Getting Things Done

Four Easy Rules for Getting Things Done

If there’s anything more defeating than a to-do list that keeps growing, I couldn’t really say – unless it’s perhaps the chore that never ends – laundry!

Honestly, though, between raising a family, keeping a house, working from or away from home, running kids to activities and appointments, taking care of yourself, being a good community steward, and maintaining relationships with people who don’t share your roof, it’s a wonder we can get anything done.

So when I was at my most overwhelmed I found some things that really helped me keep up as much as I possibly could – because, let’s face it, doing it all 100% all of the time is a fantasy.

1. Do it now.

Don’t put off for tomorrow what can be done today. Or sooner.

Except in the case of small kids and wet Rice Krispies, couscous, or quinoa, it’s really just easiest to clean up right after the meal is finished. In the case of Rice Krispies, etc. I tend to wait until the dishes are done and the table and chairs are wiped off before I vacuum or sweep as it’s a little easier to get the stuff up once its had some time to dry. Since it’s all still part of the same chore, though, it’s still technically “now”.

I also apply this to our daily and weekly schedule. Three years into this stay-at-home-mom gig, we have a pretty solid routine. When we stick to it, we do better.

When we don’t, there are lots of tears – and the kids cry more too.

So, when our schedule says breakfast, play, lunch, nap, snack, play, dinner, bath, read, bed, that’s what we do. Because when we don’t, everyone suffers.

2. Do it once.

This is perhaps an expansion of the one-touch rule. If you’re not familiar with the one-touch rule, it just boils down to putting things away right from the get – instead of dropping your things where you stand when you get home, walk in the door and hang your keys or purse or coat or backpack, take off your shoes and put them away, etc.

I apply this to laundry in our house in a big way.

When I wash clothes and linens for our family of four, I fold and sort it at the same time. It’s organized by person or room then by drawer. When I’m done washing, drying, and folding, I place each person’s laundry in their own basket, haul it to their room, and put it away (my kids are three and four and my daughter’s knobs are still inside-out in her dresser drawers so they don’t put their clothes away just yet – but soon!).

Because everything is already sorted, I open each drawer only once, toss in what belongs (just kidding – I don’t toss laundry – that’s why my daughter’s dresser drawer knobs are inside-out), and am finished with laundry. I can accomplish this chore in a fraction of the time it takes when I don’t sort this way.

This also means that I wait until I’ve washed all the laundry for the week before putting clothes away, instead of putting each load of clothes away as they are done. Since we wash clothes one day each week and have the space to sort all this laundry, this is pretty doable for us.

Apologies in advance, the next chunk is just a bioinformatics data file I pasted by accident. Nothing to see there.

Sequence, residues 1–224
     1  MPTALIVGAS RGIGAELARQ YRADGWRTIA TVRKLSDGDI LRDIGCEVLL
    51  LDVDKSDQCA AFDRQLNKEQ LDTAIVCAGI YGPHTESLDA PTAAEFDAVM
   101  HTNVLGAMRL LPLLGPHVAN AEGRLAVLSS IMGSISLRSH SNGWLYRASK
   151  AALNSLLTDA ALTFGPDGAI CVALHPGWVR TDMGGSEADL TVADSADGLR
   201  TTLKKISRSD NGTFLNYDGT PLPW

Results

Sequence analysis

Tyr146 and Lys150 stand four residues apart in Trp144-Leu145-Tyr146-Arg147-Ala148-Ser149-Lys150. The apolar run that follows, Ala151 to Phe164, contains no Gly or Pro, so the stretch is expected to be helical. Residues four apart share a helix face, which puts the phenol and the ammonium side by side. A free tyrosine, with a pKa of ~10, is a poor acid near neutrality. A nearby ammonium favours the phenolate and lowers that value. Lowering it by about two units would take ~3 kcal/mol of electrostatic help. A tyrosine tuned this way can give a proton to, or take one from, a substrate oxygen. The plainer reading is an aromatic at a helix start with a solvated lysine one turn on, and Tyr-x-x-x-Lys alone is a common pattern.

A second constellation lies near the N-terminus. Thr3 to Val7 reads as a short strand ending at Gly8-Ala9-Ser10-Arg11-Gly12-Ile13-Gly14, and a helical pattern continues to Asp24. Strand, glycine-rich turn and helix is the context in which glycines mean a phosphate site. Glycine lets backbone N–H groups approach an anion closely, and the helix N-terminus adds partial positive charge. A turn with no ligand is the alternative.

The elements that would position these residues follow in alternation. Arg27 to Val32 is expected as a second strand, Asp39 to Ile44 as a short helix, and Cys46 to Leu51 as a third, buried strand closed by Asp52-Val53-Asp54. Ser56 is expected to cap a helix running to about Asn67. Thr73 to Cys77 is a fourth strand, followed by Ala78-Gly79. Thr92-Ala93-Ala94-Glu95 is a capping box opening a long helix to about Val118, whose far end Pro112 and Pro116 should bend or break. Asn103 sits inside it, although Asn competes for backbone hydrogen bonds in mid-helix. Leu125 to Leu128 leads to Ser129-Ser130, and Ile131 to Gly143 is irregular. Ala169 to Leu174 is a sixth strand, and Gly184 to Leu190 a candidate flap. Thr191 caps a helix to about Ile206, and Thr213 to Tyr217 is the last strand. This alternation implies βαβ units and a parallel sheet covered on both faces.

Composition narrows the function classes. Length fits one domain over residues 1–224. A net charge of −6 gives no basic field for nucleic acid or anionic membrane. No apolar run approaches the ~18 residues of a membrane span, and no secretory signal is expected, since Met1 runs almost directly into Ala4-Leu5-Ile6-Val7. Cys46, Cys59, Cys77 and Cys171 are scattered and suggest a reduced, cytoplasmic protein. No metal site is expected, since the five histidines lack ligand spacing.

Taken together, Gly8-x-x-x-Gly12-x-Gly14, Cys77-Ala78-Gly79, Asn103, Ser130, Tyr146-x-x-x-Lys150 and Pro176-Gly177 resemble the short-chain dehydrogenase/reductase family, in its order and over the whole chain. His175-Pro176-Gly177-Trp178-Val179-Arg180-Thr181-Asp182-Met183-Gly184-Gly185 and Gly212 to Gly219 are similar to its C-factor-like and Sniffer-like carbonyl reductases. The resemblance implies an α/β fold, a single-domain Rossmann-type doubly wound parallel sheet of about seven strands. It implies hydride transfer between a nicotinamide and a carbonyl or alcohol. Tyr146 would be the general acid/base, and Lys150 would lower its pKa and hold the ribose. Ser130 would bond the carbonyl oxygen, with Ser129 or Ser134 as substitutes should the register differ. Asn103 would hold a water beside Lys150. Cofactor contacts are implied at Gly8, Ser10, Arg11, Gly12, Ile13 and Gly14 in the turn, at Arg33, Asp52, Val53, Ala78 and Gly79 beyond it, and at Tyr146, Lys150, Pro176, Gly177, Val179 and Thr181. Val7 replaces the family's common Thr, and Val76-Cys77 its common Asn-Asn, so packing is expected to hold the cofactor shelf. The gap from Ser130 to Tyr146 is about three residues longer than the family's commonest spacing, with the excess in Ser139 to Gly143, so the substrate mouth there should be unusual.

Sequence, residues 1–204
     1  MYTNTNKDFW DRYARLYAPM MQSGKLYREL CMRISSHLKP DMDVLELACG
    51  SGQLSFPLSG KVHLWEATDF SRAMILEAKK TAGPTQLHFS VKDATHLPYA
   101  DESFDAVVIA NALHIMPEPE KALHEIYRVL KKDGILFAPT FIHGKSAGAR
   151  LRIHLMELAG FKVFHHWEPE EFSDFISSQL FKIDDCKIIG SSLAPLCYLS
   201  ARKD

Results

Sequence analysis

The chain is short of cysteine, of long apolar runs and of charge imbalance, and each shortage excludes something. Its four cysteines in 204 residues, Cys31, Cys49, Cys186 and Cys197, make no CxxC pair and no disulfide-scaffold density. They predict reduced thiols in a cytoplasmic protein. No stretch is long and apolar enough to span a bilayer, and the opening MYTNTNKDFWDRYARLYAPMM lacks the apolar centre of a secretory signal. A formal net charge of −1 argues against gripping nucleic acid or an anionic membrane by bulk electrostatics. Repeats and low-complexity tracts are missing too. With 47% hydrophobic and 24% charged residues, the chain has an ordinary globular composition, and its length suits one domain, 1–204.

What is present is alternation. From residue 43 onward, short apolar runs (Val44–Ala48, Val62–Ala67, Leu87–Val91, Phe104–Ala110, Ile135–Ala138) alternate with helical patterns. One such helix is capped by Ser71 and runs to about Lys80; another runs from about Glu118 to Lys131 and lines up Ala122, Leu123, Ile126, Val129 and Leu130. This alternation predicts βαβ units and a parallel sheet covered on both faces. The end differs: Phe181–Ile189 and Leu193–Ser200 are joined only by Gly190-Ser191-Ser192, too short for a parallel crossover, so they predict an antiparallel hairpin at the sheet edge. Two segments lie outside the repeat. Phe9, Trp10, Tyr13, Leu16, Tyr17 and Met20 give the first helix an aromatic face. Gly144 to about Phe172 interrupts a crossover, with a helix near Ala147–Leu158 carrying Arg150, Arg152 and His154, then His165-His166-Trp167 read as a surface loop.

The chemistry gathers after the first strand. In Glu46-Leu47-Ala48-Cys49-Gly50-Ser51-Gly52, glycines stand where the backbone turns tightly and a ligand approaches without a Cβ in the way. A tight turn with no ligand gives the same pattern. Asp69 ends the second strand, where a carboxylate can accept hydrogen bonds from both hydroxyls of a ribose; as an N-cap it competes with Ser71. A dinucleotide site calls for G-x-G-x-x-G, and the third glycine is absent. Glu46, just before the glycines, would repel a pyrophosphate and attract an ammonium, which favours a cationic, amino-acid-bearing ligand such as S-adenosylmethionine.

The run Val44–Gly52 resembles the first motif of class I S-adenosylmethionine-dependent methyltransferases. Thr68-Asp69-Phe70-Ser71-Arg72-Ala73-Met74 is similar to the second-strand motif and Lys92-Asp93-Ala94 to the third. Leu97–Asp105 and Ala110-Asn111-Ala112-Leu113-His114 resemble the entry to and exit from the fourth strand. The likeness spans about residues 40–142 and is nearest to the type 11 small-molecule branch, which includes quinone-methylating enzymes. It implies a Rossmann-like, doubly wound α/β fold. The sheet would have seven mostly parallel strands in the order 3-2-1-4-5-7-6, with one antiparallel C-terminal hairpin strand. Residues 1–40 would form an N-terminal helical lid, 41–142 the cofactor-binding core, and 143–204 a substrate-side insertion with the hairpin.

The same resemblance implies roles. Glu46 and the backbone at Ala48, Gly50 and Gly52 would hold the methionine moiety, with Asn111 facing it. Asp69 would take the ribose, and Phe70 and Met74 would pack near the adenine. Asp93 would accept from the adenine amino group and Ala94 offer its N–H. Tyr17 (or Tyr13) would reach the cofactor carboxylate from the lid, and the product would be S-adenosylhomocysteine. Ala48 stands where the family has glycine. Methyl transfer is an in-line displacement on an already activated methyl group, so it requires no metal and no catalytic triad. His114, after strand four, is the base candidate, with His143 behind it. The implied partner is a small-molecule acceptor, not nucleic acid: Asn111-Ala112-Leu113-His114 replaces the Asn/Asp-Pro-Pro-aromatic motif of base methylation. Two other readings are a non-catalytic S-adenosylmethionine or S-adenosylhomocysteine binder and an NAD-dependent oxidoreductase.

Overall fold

3. Do it completely.

The job isn’t done until it’s 100% done.

Okay, so the dishes can dry in the dishrack overnight (Yes they can Marie Kondo), but all of them need to be washed, including recyclables needing a rinse. Dirty dishes on the counter means the.dishes.aren’t.done.

Besides, who likes waking up to a dirty kitchen.

There are also some implied tasks that go along with dishes, such as washing the counters, table and chairs (when you have small, spill-prone kids), stove top, and any other surface touched during the meal prep, as well as sweeping under and around the table and in the kitchen.

Completely done.

The thing about laundry, though, is that it seems to never truly end. Unless you strip your family naked while you wash laundry, there is literally a pile of clothes brewing for you just as the last load goes into the washing machine.

Never. Ending.

But! I feel like, with doing laundry one day each week and following through until the clothes are put away, that it actually does get completely done. That might also be because I don’t think about it again until it comes up on the chore schedule.

4. Make a [Prioritized] List

Whether this is a daily routine/schedule or a list of actual tasks with deadlines, knowing what you need to get done is half the battle.

Personally I use both.

I have a daily/weekly schedule for my family that includes our daily routine including everything from waking up and making beds and when naptime is over to what day a week we wash bath towels (yes, only once a week). These are the routine daily/weekly things. The schedule keeps us on task and helps us identify our margins.

I also use a bullet journal where I keep a running list of short- and long-term goals. Having recently retired from the military and moved from Germany to Minnesota, my husband and I had several short-term goals such as updating our driver’s licenses [second priority] and getting commercial life insurance [first priority].

Using the time in the margins of our daily routine, we were able to accomplish several of the items on our short-term goals lists and even some on our long-term goals lists.

Bonus Tip: Don’t Sweat It.

We all have days where, no matter what we accomplish, we feel like we got nothing done. It happens. Just don’t forget to give yourself credit for all the things you did do – even if it wasn’t what you wanted or needed to get done. And if you literally sat in your pajamas all day and watched Lifetime – Brava! We all need those days, too.

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  1. This is amazing organization! May consider attempting it.

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